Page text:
Afghanistan reopens key Pakistan trade route, Islamabad to follow

The decision to reopen the Torkham border crossing came a day after a high-level Pakistani delegation met Taliban officials in Kabul.

Islamabad, Pakistan – The Taliban government in Afghanistan has reopened a key border crossing with Pakistan after four days of closure that saw thousands of trucks carrying food and other items stranded at the frontier.

Pakistani authorities on Thursday said they will also open their side of the Torkham crossing after completing the “administrative requirements”.

“We are just completing the necessary documentation and other administrative work before reopening the gate, which is expected in another few hours,” a Pakistani security official posted at the crossing told Al Jazeera, requesting anonymity.

The decision to reopen the border crossing came a day after a high-level Pakistani delegation, led by Defence Minister Khawaja Asif, visited Kabul on Wednesday to discuss security and other matters.

The Pakistani delegation, which also comprised spy agency chief Lieutenant General Nadeem Anjum, met Afghanistan’s acting deputy prime minister for economic affairs, Mullah Abdul Ghani Baradar, and other Taliban officials.

Hours later, the Afghan embassy in Islamabad tweeted that the Torkham trade route, closed since Sunday over a “breach of commitments” by Islamabad, will be reopened on Thursday morning.

Pakistan Afghanistan Torkham crossing
Stranded trucks parked along a highway near Torkham border crossing point in Pakistan [Qazi Rauf/AP]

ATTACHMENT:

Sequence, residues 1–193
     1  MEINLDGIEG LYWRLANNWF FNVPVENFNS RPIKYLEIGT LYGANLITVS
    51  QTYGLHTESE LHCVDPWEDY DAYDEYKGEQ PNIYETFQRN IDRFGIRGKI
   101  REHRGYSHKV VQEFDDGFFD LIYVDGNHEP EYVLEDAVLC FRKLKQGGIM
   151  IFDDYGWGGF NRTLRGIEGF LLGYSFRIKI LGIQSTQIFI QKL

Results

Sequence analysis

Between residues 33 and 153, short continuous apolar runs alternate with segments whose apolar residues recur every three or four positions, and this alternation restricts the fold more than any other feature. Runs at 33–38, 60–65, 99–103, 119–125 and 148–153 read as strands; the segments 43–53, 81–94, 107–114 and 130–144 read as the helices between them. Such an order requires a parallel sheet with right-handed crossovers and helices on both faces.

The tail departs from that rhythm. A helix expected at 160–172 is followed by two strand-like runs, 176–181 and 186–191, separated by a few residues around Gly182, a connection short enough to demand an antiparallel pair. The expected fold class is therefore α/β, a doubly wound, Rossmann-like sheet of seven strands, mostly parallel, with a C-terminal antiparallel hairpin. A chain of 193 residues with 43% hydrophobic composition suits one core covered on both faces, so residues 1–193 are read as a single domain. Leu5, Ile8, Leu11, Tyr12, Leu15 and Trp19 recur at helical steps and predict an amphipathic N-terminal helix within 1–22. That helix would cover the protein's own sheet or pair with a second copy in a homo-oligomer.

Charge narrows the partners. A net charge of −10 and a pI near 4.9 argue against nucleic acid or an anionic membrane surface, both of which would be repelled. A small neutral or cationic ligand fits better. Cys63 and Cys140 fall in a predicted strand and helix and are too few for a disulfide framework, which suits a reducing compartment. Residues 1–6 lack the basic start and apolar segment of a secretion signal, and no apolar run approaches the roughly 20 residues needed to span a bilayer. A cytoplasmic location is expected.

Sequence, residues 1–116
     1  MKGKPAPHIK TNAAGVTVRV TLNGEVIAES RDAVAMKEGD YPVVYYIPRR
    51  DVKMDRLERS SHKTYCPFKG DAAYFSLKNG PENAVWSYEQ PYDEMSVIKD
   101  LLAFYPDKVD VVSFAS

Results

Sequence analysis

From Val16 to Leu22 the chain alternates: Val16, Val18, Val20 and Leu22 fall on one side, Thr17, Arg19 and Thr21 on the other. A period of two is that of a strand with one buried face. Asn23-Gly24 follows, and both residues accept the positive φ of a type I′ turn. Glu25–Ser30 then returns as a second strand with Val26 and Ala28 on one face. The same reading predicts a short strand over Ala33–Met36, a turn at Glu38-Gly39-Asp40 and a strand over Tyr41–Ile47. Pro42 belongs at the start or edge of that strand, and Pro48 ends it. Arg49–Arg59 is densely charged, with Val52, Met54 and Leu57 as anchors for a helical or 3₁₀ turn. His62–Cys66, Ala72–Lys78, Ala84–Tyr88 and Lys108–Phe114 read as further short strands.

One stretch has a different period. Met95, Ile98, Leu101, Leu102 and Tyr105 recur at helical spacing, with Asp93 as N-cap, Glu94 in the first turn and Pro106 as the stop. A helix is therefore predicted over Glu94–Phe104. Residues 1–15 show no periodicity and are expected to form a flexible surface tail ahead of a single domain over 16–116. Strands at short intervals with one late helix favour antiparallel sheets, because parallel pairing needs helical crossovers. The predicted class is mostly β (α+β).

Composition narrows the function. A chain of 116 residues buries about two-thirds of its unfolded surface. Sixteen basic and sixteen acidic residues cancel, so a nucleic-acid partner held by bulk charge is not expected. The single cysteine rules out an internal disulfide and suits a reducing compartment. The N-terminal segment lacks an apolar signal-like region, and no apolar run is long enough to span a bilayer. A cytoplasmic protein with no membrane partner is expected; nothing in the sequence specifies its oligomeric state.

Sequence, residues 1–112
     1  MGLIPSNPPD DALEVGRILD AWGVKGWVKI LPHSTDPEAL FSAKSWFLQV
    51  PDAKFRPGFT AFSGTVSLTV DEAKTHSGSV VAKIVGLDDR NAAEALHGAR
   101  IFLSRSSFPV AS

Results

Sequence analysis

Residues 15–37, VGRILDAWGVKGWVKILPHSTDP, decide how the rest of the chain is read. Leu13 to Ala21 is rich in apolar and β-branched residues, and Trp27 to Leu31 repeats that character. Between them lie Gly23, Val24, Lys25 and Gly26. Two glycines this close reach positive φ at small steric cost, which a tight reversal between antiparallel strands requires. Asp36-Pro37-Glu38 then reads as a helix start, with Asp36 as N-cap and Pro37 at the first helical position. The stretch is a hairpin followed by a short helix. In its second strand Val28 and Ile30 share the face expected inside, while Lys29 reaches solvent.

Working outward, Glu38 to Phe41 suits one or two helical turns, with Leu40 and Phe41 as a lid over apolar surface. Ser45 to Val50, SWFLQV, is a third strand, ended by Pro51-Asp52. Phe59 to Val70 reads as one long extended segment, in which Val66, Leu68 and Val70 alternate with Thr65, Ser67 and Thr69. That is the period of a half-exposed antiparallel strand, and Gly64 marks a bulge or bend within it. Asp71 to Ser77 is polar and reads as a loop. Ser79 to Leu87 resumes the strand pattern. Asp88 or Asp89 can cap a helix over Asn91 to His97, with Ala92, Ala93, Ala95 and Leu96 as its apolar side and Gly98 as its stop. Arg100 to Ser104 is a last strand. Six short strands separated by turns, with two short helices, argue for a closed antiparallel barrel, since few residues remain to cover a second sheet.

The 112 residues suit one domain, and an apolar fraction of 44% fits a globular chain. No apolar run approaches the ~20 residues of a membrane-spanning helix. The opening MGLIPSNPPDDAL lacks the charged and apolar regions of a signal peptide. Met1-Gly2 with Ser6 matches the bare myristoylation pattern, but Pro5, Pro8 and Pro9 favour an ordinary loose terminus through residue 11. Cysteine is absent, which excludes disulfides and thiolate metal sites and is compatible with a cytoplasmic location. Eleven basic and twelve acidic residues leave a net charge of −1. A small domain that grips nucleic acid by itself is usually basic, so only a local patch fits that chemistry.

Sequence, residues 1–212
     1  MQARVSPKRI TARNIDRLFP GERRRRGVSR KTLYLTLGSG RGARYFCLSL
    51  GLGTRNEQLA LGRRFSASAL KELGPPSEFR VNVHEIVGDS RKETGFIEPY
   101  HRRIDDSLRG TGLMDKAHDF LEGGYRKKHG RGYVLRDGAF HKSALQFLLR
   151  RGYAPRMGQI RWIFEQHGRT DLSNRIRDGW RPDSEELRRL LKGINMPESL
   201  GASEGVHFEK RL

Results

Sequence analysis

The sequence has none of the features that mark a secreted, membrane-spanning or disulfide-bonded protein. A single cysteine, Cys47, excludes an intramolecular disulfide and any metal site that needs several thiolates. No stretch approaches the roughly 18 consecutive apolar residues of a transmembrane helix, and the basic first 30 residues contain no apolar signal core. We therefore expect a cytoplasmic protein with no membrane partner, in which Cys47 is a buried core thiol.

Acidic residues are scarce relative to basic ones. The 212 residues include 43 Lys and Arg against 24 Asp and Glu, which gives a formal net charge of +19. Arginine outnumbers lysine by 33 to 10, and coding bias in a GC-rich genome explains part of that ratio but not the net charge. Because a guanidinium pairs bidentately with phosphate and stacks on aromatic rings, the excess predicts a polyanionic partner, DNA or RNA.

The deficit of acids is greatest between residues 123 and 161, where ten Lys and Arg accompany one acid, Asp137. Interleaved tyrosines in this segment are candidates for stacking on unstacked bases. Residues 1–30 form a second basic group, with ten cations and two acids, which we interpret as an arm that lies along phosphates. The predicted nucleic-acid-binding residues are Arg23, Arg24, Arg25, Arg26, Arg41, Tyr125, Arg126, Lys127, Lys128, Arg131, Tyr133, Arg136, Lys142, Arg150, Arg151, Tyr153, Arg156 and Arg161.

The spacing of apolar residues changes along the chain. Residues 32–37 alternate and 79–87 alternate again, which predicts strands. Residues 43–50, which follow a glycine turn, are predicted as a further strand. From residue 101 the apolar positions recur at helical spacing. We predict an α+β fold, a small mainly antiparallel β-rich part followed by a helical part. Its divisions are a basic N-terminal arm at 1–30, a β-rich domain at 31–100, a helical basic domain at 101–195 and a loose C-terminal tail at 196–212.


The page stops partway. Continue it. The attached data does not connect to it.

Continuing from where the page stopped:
Qari Nazim Gul, trader and leader of the All Pakistan Customs Agents Association, said thousands of trucks were stranded on the Pakistan side since Sunday night.

“The queue stretches back to more than 30km [19 miles]. The Afghan side opened their gate this morning and we were told earlier today that the gate will be opened by midday. But we are still just waiting for it to reopen from our side,” he told Al Jazeera.

Ziaul Haq Sarhadi, director of Pakistan Afghanistan Joint Chamber of Commerce and Industry, said he was hopeful the border crossing will be reopened on Thursday.

“We have been informed that there are preparations going on, and hopefully, the gates will be opened sometime later in the day,” he told Al Jazeera.

With thousands of trucks stuck at the border, Sarhadi estimated the losses to traders on both sides could go into billions of rupees.

“As a country, we need to resume our exports. We need the borders reopened at the earliest. We have already lost billions of rupees due to this shutdown,” he said.

Pakistan and Afghanistan share a 2,600km-long (1,615 miles) border.

The Taliban said it shut the Torkham crossing over Islamabad allegedly denying Afghan migrants entry into Pakistan for medical care.

Pakistan, meanwhile, accuses the Taliban of sheltering armed attackers belonging to the outlawed Pakistan Taliban, also known by the acronym TTP. The Afghan Taliban rejects the claim.

In recent months, the TTP has been blamed for a spike in violent attacks across Pakistan, killing dozens of people.

Wednesday’s meeting in Kabul was held against the backdrop of the attacks by the TTP, which is ideologically aligned with the Afghan Taliban and has been waging a battle against the Pakistani state since 2007.

In a statement, Pakistan’s foreign office said matters related to the “growing threat of terrorism” in the region, “particularly by the TTP”, came under discussion. “The two sides agreed to collaborate to effectively address the threat of terrorism posed by various entities and organisations,” it said.

Mehmood Jan Babar, an analyst on Pakistan-Afghan relations, said the Afghans want travelling to Pakistan made easier.

“Pakistan says it will provide ease of access only to students and those in need of medical assistance in order to control an influx of Afghan citizens into the country,” he told Al Jazeera.

Source: Al Jazeera